Obey the law, make sure you have a boating license, and always wear your lifejacket. Most accidents occur in smaller boats, so the sportsman should keep that in mind before getting on a boat.
It’s almost always an open motorboat less than 16 feet long that causes the most accidents. Boats smaller than 16 feet stand a higher risk of capsizing, especially those that are open.
Even when the conditions seem ideal, an accident of this kind may occur. As a result, it is necessary to remember that open boats with a length of less than 16 feet are more at risk for accidents.
Hunters Who Use Boats To Hunt
Hunting ducks or visiting favorite hunting grounds often involves the use of small boats. Keep these things in mind if you plan on hunting with your vessel.
- Be sure to unload all firearms and ensure the safety is engaged when transporting them on board a vessel.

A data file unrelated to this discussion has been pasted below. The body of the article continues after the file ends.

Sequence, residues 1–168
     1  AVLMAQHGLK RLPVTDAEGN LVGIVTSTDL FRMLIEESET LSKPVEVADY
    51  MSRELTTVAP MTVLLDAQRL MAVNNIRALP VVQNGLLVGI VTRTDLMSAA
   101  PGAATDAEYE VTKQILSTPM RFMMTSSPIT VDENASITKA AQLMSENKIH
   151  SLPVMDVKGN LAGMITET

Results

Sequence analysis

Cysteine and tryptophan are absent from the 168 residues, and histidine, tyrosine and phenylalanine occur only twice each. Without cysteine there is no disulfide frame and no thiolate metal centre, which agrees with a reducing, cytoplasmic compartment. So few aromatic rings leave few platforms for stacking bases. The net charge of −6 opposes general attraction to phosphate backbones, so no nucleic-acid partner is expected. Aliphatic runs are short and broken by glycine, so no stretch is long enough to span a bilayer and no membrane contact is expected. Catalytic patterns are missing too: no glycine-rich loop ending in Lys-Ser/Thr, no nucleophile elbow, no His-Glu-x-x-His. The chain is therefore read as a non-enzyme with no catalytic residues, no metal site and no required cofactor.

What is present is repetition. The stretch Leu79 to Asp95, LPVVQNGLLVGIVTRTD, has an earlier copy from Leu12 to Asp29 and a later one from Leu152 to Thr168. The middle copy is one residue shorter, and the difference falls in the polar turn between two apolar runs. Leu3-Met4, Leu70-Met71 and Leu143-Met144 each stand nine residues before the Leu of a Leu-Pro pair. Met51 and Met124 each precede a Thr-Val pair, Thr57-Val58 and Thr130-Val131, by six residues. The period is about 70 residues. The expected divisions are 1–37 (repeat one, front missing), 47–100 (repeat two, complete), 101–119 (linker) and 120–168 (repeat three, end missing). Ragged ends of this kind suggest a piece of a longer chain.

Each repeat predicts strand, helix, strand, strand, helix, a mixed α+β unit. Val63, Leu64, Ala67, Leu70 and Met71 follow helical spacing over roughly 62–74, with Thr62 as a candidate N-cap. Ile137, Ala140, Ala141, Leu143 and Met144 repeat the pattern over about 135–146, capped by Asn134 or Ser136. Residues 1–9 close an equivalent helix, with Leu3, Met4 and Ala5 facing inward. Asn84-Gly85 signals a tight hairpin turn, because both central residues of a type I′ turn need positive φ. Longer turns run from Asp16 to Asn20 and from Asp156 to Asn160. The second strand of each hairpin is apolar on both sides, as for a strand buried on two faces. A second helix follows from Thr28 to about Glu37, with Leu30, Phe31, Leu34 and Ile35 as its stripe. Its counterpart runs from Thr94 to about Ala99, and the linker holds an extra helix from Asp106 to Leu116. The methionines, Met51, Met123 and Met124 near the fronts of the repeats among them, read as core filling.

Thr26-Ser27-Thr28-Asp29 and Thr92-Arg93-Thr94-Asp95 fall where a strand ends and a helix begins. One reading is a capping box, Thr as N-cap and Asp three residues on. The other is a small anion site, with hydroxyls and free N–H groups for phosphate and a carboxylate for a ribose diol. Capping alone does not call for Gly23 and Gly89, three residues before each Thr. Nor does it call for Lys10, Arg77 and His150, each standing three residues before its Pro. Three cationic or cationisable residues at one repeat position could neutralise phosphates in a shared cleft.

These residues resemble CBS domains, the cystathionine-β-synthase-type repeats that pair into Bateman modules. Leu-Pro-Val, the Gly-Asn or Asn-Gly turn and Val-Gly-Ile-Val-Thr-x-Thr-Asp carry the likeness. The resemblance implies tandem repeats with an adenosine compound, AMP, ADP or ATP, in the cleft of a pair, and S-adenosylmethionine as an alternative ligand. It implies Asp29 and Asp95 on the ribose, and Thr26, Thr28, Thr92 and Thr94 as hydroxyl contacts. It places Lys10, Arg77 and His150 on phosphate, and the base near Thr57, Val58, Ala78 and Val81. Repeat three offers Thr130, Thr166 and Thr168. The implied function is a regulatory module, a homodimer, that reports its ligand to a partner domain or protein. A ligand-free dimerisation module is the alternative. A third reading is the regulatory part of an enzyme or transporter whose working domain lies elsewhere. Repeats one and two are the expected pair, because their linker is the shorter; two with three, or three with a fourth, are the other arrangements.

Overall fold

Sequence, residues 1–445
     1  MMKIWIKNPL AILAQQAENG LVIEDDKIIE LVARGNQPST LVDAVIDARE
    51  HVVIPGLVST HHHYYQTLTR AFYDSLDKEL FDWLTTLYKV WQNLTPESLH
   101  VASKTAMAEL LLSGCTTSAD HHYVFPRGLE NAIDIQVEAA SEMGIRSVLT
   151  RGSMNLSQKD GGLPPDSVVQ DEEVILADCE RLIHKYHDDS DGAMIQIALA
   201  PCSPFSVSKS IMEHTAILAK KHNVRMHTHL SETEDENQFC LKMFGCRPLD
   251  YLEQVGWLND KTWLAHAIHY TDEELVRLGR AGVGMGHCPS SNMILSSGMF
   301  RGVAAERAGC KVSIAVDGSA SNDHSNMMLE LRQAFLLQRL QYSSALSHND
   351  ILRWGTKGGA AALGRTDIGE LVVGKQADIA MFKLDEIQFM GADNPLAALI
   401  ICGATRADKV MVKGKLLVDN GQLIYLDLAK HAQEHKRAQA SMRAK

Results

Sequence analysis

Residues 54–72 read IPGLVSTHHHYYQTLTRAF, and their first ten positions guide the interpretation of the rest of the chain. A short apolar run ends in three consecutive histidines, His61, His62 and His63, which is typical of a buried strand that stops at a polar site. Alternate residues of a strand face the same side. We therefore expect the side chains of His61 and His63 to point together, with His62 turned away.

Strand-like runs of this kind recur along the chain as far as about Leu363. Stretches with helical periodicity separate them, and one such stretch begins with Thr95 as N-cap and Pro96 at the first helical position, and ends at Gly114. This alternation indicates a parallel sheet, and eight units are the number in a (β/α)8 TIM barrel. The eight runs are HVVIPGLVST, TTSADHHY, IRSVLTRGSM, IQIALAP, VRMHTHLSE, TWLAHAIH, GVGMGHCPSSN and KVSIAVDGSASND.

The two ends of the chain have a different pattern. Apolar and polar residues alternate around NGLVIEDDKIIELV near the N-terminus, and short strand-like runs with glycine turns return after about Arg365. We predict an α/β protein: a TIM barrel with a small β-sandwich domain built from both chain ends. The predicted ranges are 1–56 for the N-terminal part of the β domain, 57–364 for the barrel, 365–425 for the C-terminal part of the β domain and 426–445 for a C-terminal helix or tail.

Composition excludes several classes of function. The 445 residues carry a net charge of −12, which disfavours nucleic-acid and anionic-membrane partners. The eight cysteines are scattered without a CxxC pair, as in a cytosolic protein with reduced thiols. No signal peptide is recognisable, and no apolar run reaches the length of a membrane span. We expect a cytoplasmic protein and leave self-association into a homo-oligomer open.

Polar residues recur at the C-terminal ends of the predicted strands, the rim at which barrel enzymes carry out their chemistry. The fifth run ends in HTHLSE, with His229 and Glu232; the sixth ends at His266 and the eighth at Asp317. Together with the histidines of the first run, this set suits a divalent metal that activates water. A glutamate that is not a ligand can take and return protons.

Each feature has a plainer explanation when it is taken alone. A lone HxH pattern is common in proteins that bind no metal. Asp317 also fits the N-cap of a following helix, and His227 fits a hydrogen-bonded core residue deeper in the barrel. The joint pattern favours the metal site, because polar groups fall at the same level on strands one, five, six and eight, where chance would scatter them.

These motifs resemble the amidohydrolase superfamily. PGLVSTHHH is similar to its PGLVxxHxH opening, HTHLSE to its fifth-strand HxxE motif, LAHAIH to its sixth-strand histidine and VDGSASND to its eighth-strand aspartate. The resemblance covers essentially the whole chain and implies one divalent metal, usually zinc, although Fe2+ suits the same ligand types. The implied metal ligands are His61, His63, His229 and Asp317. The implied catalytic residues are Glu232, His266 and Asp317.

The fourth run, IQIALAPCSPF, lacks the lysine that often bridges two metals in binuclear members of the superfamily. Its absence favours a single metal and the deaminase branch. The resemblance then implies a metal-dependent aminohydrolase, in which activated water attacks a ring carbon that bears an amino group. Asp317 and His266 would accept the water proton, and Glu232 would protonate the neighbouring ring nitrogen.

- Make sure you are aware of the laws governing firearms transport on a boat. Any type of hunting you do must be accompanied by a valid hunting license, tags, and permits.
- Keeping all boating laws in mind and following all safety precautions still remains your responsibility.
- When shooting, you should always remain seated.
- Always wait until the vessel is anchored or secured before shooting or releasing arrows.
- You shouldn’t go too far from the shore and always check the weather.
The Best Ways To Prevent Your Boat From Capsizing Or Swamping
- Dogs are capable of capsizing boats quickly, especially if it is an excited dog. A small boat should only be occupied by well-trained dogs.
- Place the dog in the middle of the vessel, lying on the bottom.
- Avoid exceeding the vessel’s maximum capacity. It is never a good idea to cram too many hunters or gear into one small hunting boat.
- Distribute the gear evenly on the vessel to keep the weight low.
- It is important to understand that a small vessel with a flat bottom is prone to capsize or swamping.
- In case of a capsize, take precautions to avoid hypothermia.
Why Is Boating Education For Hunters So Important?
- Over 70% of hunters who drowned in boating accidents fell overboard because their boat was loaded improperly. Or because they moved around a lot inappropriately.
- In addition to not having a life jacket, 47% of sportsmen reported not even taking it on board.